In the beginning the shoots could take up to a month to prepare for, as everything within the frame was created by hand, but as the summer drew to a close it was impossible to achieve all I had planned, and so we decided to carry on. My aim was to portray time passing, an unsaid journey through four seasons, incorporating every colour of the rainbow…to keep going, until there was a sense it had reached its completion. The characters were not a recreation of anything that already existed; they were the faded memories of the stories my mother read to me as a child, mainly their original book illustrations, mixed up with dreams and the underlying sadness of my adult grief. I wanted to create pictures that people would project their own ideas on to, and lose themselves in, each being a visual fable within their own right.

As the productions escalated I quickly found that their physical creation became my favourite part, the chance to step into the scenes for real was unlike any other experience in my life to date. It made my daily existence a better and richer place, and slowly helped me deal with my mother’s loss. At first people presumed everything was created in the computer, the scale of the props, the colours, even the entire landscapes the models were in! So I began to write thorough diary accounts about each picture, and shot behind the scenes footage so the viewer could understand the amount of work involved. There were no stylists, designers or professional support teams involved, and nothing was commissioned. It was simply a few passionate friends helping out for free, funded by what I could afford from of my wages every month, whilst I begged and borrowed the rest.

As the months passed a story evolved, and I pushed the concepts further, with some of the new characters taking up to 5 months to create, and over a year to plan. Two years into the project I found myself in the midst of creating the equivalent of a feature film in a series of still photographs, and it became impossible to cope with its demands. Consequently in December 2011 I left my 11-year career behind, to dedicate my future to finishing the series and producing the book and exhibition. It was the hardest decision of my adult life, but thankfully also one of the best. Ever since that day, life has been a roller coaster of emotion, and an enormous amount of hard work, but now (finally) at the point of writing this in September 2014, Wonderland is almost complete. There are currently 74 pieces in the collection, with a final 2 on the way. In recent years our little world has grown wings and broken through to the major international press, being recognised by Harper's Bazaar, Italian Vogue, Stern Magazine, The Daily Mail, the BBC News, MSN, the Huffington Post and countless magazines and blogs around the world, with over 250,000 followers on social media. The response and support has been utterly overwhelming and humbling, and something that still amazes me everyday. I have met so many extraordinary people and been so moved by the reactions of others, that it feels like the project has become a fairytale in itself.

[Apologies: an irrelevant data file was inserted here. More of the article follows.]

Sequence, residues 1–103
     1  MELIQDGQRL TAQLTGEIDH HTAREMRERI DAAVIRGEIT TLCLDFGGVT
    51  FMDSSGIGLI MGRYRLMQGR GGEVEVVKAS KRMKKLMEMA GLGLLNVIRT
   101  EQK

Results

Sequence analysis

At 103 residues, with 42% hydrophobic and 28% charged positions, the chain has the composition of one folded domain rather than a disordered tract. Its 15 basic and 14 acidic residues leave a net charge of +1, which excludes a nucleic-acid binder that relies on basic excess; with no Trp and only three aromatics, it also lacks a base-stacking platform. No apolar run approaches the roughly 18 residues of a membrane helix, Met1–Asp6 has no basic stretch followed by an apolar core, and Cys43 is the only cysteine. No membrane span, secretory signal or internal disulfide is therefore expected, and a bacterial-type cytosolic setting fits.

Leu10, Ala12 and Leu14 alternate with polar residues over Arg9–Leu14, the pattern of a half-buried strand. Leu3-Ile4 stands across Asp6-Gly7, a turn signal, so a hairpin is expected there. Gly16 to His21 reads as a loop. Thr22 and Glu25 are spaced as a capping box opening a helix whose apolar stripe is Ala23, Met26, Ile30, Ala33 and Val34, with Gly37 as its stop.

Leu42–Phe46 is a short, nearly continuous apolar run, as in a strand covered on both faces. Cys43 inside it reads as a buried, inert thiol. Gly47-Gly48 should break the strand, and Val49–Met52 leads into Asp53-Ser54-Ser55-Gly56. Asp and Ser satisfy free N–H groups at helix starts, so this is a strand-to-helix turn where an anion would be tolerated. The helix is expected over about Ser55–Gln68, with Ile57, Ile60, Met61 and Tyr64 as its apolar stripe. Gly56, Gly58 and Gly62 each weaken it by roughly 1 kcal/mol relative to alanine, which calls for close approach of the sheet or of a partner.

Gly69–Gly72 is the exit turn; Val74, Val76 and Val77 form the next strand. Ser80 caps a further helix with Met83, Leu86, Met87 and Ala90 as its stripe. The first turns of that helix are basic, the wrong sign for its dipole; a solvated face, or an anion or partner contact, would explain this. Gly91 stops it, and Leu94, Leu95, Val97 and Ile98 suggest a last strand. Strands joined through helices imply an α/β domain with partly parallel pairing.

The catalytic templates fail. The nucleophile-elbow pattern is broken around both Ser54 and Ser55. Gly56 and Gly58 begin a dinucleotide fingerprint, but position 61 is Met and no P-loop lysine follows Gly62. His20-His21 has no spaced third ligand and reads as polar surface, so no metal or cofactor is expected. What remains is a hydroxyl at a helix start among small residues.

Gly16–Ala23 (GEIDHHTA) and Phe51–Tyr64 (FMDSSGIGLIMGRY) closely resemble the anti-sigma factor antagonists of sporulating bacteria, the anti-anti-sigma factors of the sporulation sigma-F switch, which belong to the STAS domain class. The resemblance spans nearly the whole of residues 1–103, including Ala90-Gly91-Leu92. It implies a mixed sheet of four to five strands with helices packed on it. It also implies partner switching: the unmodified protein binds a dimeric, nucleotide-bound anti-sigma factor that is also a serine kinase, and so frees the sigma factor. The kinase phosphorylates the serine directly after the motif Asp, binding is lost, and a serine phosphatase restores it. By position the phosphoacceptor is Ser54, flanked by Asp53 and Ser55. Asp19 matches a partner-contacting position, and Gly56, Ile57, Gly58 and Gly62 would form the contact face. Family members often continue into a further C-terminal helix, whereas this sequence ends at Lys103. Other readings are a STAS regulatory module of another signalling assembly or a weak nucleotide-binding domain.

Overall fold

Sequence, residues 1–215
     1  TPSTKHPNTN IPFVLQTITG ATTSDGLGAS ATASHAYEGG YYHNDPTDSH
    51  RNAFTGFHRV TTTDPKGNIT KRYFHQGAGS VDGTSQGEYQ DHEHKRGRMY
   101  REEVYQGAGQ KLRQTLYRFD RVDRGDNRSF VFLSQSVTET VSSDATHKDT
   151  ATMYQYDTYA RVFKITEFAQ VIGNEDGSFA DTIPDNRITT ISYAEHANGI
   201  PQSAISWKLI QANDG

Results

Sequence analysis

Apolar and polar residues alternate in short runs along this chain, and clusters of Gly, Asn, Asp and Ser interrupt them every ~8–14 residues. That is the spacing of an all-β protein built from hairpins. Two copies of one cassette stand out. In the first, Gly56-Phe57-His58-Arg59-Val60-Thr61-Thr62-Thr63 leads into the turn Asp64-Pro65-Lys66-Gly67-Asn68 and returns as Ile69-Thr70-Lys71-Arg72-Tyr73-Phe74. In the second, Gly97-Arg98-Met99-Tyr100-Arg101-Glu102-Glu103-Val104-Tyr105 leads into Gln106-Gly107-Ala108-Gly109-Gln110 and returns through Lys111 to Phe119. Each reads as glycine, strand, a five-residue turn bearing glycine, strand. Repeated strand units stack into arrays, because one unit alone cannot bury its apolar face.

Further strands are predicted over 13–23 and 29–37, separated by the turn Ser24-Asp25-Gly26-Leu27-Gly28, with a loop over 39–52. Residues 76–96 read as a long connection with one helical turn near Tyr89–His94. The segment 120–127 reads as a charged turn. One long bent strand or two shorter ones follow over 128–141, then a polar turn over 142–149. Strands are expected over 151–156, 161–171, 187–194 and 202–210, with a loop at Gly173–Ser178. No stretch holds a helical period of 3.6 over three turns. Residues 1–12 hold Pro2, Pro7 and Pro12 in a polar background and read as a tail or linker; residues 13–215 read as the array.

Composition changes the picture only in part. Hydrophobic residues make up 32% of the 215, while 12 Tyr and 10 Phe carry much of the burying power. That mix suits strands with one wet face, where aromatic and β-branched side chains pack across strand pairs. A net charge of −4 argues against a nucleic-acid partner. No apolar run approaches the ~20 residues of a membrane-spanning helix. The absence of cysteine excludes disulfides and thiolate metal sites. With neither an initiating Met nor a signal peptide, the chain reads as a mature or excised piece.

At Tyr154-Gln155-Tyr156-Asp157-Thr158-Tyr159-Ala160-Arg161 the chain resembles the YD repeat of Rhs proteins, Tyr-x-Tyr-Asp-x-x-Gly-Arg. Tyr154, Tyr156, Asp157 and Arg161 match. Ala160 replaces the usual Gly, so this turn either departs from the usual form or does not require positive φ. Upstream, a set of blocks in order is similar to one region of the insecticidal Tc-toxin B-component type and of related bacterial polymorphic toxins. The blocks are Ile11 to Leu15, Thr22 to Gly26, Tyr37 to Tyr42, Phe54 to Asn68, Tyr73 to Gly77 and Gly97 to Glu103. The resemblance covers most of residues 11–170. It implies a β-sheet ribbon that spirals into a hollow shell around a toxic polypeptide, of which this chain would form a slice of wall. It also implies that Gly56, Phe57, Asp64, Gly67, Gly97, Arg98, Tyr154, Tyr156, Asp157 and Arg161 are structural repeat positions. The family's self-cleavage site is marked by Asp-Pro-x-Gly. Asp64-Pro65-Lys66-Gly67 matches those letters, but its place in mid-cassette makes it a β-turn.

To end, it is true to say that in losing my mother I have lost so much, but equally discovered a new unexpected path in my life, for which I will always be deeply grateful. As I write these words I am awaiting the final contract to sign with a global publisher for the Wonderland book, something 5 years ago I never thought possible. It has been such a long road, but the day I see my mother’s name printed on the inside cover, it will feel like I have finally fulfilled my promise to myself,…. to celebrate her memory once and for all. I miss her more than words can say……………… mum.... this is for you. x